Monday, January 15, 2007

Al Gore, Global Warming & Nuclear Power

Oh yes. He is running. The tour, book, film and the coming Oscar are not just to fight global warming. We all know that Vice President Gore is a calculating individual. Most times too calculating. We give him props on his global warming work since he left office. We must acknowledge that he and his boss' administration did nothing to promote climate change mitigation during their 8 years in office. So where does he stand?

Here is what he said in Grist magazine, "I doubt nuclear power will play a much larger role than it does now. There are serious problems that have to be solved, and they are not limited to the long-term waste-storage issue and the vulnerability-to-terrorist-attack issue. For eight years in the White House, every weapons-proliferation problem we dealt with was connected to a civilian reactor program. And if we ever got to the point where we wanted to use nuclear reactors to back out a lot of coal -- which is the real issue: coal -- then we'd have to put them in so many places we'd run that proliferation risk right off the reasonability scale. And we'd run short of uranium, unless they went to a breeder cycle or something like it, which would increase the risk of weapons-grade material being available.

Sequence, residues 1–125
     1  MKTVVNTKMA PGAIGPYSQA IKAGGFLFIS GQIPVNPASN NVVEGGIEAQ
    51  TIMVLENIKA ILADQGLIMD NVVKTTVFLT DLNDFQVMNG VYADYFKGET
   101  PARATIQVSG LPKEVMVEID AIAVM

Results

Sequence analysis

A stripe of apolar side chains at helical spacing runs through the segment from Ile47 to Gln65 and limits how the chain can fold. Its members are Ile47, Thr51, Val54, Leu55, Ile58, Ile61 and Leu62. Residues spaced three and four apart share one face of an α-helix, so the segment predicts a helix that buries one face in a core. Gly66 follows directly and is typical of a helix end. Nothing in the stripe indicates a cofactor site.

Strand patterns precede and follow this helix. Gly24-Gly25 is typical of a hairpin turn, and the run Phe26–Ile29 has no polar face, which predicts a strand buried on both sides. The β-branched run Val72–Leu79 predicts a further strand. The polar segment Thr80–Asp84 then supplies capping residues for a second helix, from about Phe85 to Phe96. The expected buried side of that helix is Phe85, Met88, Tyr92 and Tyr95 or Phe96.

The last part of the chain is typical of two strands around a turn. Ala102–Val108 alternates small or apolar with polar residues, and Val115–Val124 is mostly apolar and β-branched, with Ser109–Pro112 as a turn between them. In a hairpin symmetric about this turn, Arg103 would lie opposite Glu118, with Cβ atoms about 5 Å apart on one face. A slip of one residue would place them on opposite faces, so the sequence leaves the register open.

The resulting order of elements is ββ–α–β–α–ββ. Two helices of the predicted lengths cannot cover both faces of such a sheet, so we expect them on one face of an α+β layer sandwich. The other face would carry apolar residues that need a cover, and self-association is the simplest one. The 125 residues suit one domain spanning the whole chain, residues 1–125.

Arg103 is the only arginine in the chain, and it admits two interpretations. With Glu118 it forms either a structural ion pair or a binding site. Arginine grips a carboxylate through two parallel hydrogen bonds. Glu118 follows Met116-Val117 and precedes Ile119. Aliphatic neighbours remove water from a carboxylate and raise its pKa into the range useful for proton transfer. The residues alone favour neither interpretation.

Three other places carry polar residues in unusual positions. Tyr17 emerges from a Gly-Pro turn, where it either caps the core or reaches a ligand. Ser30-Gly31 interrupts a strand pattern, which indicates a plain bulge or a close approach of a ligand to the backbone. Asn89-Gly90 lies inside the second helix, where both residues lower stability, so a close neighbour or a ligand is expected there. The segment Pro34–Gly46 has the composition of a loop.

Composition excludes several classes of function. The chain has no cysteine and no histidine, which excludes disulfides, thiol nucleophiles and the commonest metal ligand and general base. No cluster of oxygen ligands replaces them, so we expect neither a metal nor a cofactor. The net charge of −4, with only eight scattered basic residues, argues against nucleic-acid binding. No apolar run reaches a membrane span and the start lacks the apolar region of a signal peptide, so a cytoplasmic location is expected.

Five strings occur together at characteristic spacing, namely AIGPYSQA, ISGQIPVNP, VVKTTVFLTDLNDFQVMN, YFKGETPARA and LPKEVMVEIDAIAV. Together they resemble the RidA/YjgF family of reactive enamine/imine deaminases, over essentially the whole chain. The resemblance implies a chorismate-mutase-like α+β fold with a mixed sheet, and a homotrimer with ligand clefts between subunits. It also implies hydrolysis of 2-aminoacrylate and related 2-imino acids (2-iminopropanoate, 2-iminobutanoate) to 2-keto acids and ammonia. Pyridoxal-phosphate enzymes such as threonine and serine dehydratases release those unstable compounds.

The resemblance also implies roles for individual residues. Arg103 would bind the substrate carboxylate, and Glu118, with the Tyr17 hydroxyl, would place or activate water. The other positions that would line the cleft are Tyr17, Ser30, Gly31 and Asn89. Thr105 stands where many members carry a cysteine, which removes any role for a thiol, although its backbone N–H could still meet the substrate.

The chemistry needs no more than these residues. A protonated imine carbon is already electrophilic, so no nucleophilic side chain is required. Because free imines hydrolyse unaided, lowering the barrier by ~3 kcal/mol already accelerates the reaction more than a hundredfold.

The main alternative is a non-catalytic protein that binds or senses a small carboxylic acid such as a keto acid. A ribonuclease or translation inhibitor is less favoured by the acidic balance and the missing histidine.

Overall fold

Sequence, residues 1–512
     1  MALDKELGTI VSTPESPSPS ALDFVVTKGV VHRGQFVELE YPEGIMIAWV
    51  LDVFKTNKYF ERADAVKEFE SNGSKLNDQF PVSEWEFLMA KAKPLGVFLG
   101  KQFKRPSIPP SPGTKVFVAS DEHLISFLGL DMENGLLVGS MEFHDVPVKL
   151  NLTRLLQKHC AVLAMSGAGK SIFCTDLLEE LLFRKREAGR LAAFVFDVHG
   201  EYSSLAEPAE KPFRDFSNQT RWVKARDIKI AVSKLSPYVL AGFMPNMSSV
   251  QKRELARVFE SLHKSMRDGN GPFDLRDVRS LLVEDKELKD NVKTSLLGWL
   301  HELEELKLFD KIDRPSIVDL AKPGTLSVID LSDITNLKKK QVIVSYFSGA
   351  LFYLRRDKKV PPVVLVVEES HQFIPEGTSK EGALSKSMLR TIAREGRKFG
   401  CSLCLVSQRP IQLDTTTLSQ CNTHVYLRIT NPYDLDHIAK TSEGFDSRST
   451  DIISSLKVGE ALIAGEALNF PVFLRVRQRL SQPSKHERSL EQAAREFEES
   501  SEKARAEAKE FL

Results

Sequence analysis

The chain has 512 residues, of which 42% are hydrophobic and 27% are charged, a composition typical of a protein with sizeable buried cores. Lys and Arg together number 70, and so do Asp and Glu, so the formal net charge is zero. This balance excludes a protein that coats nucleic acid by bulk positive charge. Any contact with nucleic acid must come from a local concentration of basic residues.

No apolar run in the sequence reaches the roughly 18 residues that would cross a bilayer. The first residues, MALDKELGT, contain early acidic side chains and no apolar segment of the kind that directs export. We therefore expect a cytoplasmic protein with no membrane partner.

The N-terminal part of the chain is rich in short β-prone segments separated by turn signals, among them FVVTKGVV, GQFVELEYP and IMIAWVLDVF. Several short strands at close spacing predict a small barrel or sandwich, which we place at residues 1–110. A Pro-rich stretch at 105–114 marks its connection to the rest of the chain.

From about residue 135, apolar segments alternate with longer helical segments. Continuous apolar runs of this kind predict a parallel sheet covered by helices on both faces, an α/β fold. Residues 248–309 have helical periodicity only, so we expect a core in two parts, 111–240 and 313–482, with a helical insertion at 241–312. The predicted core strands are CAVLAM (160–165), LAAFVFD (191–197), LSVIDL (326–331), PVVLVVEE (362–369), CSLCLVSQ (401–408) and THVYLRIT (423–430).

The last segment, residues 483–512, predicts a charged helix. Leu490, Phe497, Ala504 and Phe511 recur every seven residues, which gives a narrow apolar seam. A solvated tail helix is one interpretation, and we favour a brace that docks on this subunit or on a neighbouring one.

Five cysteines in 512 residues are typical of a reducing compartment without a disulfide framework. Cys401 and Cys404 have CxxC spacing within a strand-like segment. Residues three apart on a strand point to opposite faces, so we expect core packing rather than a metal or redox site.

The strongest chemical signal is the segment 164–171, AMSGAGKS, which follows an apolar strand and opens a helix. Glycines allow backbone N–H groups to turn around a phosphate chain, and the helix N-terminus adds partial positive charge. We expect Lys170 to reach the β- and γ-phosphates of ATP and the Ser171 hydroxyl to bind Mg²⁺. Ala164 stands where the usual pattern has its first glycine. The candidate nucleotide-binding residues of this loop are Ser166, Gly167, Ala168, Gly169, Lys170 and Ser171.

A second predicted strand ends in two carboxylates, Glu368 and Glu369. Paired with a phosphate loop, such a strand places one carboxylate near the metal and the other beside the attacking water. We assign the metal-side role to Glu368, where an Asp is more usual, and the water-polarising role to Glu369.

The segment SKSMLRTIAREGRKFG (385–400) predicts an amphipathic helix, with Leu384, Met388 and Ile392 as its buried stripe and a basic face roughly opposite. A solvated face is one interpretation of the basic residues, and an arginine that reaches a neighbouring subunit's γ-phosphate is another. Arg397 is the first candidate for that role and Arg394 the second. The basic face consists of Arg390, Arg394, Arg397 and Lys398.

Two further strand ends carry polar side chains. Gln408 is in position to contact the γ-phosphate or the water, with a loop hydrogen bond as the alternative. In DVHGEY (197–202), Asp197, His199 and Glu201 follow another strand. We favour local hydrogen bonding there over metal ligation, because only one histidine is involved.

Utility executives naturally want to place their bets for future generating capacity on smaller increments that are available more quickly, to give themselves flexibility. Nuclear reactors are the biggest increments, that cost the most money, and take the most time to build. In any case, if they can design a new generation [of reactors] that's manifestly safer, more flexible, etc., it may play some role, but I don't think it will play a big role."

Of course, there were some signs of support for nuclear power during the Clinton administration: (From the e-Newsletter CounterPunch: "Another reason is that the nuclear lobby has enjoyed a long and profitable relationship with both Clinton and Gore. Al Gore, who wrote of the potential green virtues of nuclear power in his book Earth in the Balance, earned his stripes as a congressman protecting the interests of two of the nuclear industry's more problematic enterprises, the TVA and the Oak Ridge Labs."

But before you get too excited, the Nuclear Information and Resource Service (NIRS) published a quote from a Gore letter, "I do not support any increased reliance on nuclear energy. Moreover I have disagreed with those who would classify nuclear energy as clean or renewable."

So by his statements we put Gore in the antinuclear category. But true to his very calculating nature, he does hedge his bets. He and Clinton did nothing to hurt nuclear during their 8 years. They also did nothing to help (on nuclear & global warming). That is a good indication of how a President Gore would operate.

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